Running an Online Business – What They Don’t Tell You
Thousands of people dream of running their own business from the comfort of their own home – more family time, disillusionment with the 9-5 life and the opportunity to work on something they’re passionate about are all key reasons to start working on a home-based company.
While there are plenty of positives to working for yourself, there are a lot of hidden downsides to running an online business on your own. There are numerous costs involved which you may not have anticipated. There’s usually a substantial reduction in social interaction when compared to a normal office job, and it requires a new set of skills to make sure you get enough work done every day.
If you’re still on the fence about starting your own business, don’t let the downsides dissuade you! It can be a fantastic way to make a living, particularly if you’re working in an industry you’re passionate about. Just take the factors below into consideration, as there’s often a lot more to it than most people realise.
The days of simply setting up a website and churning out content to make money online are pretty much over. Now there’s a whole range of things to take care of before launch and while the site is live.
You need to make sure your website is fast and converts well, your hosting is secure, you’re regularly adding content and updating social media and ensuring your website is search-engine friendly. All this comes as a cost, either through time spent working on it or paying an expert to do it for you.
If you’re selling products on your website there are always more costs involved than you think. Storage costs, shipping and handling and refunds tend to be the most common ones people overlook, but it often goes deeper than that.
A lot of online companies overlook the need for business insurance, which could prove costly if there’s an issue with the product you’re selling or you’ve accidentally given someone bad advice and they take you to court. These cases are rare, but they can prove fatal for small businesses if you’re not covered. There’s a number of different types of insurance and one policy doesn’t suit all, so it’s important to find out what your business needs to avoid paying for what you don’t require.
There’s also the additional costs to insure the office equipment you’ll need to run the company. This can usually be covered through expanded home contents insurance, but your premium may go up as a result.
Running an office from your home can also cause your utility bills to increase. You’ll be using your own heating and air conditioning through the day instead of sitting in a nice warm office building. You’ll probably need a faster and more reliable internet connection. Your electricity costs will likely rise as you run your computer all day. It’s not a lot individually, but it can snowball pretty quickly.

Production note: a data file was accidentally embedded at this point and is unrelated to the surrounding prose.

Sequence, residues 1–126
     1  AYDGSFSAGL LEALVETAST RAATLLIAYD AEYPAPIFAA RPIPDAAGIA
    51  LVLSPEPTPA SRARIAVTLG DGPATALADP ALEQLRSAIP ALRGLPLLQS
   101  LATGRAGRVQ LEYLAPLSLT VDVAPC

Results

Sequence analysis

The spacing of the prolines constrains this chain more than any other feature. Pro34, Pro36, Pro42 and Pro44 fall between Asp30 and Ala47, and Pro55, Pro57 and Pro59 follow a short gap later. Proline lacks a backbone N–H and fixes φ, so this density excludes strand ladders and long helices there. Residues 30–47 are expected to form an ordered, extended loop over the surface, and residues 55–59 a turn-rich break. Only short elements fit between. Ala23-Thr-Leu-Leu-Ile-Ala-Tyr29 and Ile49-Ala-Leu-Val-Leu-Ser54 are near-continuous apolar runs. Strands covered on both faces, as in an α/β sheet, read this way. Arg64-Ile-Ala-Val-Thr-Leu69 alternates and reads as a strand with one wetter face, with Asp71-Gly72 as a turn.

One of the main things people struggle with is the change in social interaction when they start working from home. There are always a few people in an office you could do without seeing, but for the most part it’s the interaction with others that people enjoy about their job.
When you start working on your online business it’s important to make a real effort to get out and meet people regularly, both professionally and personally. There are plenty of networking events for various industries, particularly for those running online businesses, so try to go to some and meet new people. You might even get some new clients or useful contacts from it.
There’s also a case to be made for the various cohabited office spaces available to rent in most major cities. You’ll usually be able to rent a desk and they’ll provide an internet connection, and you’ll share an office with other people working on their own businesses. It’s a great way to meet other small business owners and share advice and resources.
It’s safe to say that most of us have taken our foot off the gas now and then when working a normal office job. It’s not intentional – sometimes the drive and motivation just isn’t there some days, sometimes it’s the day after the office Christmas party and you’d rather be anywhere else than your desk. Unfortunately, you can rarely afford to have days like these when you’re working for yourself.
Self discipline is a crucial component of working at home successfully. You need to know what needs done every day and you need to make sure it gets done, otherwise you could be jeopardising the future of your business. Effective planning and a consistent routine will make sure you follow through.
The other people in your home also need to understand that you’re actually working and that you need the time to get things done. The novelty of having you around the house can often lead to partners asking you to help out with household chores and kids expecting you to play when you should be getting things done.
By all means take a little extra time with your family, but make sure there’s a clearly defined time when you’re working and should be left alone. It will take an adjustment at first, but over time everyone will adapt.
Is It Worth It?
While there are a few downsides, working on your own business every day is extremely satisfying and the rewards far outweigh the negatives. You often get used to the routine and forget the numerous advantages, so always try to remember why you started in the first place and reflect on the positives.
Every job comes with its ups and downs and to be honest, running your own business isn’t for everyone. Some people prefer the security of a steady pay check every month, and they may be better keeping their online business as a side gig rather than going full time. But if you take the plunge and go full-time, there’s plenty of upside to be found.
Photo courtesy of: moleshko
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